The shock of a chemical disaster

Incidents and accidents with Chemicals can produce some of the worst possible outcomes for the environment and the humans that live in it. Not following safety storage procedures can lead to civil and criminal action against a company and it is a requirement of many to have some Spill Kits on hand for staff to deal with any emergency. In most cases the swift use of Spill Kits from Hyde Park Environmental, for example, can avert a real problem developing.

Here are some examples where this did not happen.

  • Bhopal. Not a liquid chemical leak but a gas, this still represents a serious accident that is only now seeing the victims of Union Carbide’s mistake being compensated. There have been many requests for the heads of the company to stand trial for negligence in India where this occurred. In 1984 tuns of deadly methyl isocyanate escaped from the plant where the wind took it over heavily populated areas.

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  • Windscale. Soon renamed to Sellafield to try and deflect away from the accident, this was one of the world’s first serious nuclear accidents well before Chernobyl. Occurring in the UK in 1957 it was the main reason the UK stopped using RBK graphic block reactors, but the Russians continued with their cost. An uncontrollable fire resulted in an eruption of polonium and radioactive iodine particles.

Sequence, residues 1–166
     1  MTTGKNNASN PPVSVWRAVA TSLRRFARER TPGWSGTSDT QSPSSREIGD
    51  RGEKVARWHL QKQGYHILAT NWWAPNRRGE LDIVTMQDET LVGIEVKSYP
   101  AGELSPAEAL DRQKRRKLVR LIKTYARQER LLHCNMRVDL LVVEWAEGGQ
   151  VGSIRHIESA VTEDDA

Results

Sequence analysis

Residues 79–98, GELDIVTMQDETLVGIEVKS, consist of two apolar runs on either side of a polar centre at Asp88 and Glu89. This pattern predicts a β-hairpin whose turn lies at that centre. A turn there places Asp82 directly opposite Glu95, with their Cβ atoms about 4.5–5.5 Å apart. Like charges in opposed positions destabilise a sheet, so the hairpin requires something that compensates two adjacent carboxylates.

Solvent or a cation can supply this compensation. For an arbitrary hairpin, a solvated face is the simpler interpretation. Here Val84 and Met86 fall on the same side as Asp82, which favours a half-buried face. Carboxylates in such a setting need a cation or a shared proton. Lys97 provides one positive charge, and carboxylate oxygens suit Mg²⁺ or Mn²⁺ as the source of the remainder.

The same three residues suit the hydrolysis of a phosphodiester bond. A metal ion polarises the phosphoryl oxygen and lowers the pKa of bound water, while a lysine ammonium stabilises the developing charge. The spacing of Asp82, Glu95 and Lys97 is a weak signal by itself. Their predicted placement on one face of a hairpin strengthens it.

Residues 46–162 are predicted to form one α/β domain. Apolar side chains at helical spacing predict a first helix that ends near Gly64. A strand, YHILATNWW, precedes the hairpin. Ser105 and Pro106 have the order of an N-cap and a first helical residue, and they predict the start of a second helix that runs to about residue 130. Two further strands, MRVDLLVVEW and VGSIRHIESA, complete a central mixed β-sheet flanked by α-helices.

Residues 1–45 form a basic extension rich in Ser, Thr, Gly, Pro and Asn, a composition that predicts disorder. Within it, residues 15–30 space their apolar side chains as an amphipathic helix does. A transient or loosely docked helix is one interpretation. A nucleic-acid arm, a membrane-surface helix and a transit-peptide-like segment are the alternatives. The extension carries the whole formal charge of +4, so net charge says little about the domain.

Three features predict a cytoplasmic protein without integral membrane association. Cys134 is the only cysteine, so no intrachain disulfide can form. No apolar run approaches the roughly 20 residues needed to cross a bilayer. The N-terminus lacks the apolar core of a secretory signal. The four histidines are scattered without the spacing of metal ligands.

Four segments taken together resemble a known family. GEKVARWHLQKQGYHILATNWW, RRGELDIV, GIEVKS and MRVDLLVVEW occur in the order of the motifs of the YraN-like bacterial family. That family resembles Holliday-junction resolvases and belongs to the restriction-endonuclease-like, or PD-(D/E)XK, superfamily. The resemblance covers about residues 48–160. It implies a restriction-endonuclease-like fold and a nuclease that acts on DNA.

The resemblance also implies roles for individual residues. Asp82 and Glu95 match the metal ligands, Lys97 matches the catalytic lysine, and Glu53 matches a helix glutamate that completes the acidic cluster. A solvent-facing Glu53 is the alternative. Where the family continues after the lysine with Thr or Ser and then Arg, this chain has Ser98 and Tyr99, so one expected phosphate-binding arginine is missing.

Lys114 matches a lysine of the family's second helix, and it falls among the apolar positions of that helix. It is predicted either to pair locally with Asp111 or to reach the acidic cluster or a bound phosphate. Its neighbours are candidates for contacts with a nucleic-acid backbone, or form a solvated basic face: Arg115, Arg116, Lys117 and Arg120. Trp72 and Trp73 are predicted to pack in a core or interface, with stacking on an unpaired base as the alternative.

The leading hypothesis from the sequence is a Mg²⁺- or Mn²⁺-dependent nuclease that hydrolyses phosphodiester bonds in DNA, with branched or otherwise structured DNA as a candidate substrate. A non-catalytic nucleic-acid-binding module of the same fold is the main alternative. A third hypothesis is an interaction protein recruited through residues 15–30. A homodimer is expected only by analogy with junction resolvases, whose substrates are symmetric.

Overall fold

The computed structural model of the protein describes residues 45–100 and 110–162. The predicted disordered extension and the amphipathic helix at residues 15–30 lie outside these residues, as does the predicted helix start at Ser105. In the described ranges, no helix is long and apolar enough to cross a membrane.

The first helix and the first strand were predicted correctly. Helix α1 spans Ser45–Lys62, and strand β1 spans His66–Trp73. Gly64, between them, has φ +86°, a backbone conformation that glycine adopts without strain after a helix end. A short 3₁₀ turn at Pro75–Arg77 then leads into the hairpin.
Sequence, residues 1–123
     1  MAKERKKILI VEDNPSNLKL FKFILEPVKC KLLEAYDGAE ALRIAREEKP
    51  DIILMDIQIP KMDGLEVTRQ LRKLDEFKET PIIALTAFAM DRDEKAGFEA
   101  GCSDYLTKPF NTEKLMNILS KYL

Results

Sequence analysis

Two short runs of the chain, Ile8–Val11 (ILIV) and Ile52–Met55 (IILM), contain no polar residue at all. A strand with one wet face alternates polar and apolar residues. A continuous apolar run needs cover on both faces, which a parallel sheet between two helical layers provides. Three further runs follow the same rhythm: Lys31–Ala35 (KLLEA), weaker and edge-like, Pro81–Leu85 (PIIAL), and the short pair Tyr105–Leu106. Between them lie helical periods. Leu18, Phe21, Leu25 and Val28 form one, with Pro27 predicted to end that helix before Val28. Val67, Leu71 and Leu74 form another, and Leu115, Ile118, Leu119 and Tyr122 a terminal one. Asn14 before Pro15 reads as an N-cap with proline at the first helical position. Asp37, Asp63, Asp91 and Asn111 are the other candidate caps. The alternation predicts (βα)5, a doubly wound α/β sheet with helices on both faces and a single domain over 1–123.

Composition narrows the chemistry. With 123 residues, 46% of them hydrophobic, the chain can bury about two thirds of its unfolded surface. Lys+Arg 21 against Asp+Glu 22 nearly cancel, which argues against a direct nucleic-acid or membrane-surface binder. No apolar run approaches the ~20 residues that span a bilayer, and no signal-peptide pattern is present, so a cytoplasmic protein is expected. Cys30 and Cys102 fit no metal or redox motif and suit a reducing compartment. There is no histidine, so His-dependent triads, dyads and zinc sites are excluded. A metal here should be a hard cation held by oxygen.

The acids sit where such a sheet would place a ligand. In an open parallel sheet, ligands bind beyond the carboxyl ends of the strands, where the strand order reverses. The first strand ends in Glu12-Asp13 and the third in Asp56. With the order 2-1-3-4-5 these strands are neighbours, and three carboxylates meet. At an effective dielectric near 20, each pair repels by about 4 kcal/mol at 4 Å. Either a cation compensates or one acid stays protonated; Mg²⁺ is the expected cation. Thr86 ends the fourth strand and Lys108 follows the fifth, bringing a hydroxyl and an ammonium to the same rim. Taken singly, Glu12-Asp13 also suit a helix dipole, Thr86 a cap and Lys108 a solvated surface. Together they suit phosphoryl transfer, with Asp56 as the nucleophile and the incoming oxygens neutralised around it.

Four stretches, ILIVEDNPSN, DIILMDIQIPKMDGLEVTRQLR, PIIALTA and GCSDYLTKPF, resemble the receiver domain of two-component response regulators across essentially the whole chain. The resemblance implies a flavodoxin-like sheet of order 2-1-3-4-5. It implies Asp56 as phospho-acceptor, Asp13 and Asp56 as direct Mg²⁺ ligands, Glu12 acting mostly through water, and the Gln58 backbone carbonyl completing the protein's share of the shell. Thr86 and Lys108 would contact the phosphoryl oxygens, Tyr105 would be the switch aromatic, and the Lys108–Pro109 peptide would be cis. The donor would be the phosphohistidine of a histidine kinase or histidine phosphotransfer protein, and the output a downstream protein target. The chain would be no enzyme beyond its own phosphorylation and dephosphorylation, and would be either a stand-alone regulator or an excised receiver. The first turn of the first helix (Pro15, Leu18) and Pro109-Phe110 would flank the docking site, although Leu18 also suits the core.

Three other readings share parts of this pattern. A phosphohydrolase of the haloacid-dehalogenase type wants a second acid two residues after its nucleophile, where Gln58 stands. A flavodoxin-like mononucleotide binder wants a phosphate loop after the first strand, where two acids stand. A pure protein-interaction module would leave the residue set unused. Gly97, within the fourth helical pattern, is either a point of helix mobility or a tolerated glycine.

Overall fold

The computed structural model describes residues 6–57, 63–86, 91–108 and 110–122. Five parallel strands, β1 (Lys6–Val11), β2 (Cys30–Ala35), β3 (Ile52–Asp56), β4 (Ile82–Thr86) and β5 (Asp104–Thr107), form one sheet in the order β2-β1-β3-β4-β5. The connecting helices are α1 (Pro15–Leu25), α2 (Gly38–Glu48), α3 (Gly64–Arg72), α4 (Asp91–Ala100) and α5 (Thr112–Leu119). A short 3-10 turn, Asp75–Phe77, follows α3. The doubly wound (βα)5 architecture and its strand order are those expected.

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  • Exxon Valdez. Easily the worst of the disasters set down here. This is one of the first appearances of spill kits, as used by Exxon/Esso, to try and remediate the oil spill their tanker created. Dumping tonnes of crude oil off the coast of the delicate Alaskan coast the damage to the environment lasted for decades and seriously threatened the wildlife and fauna there.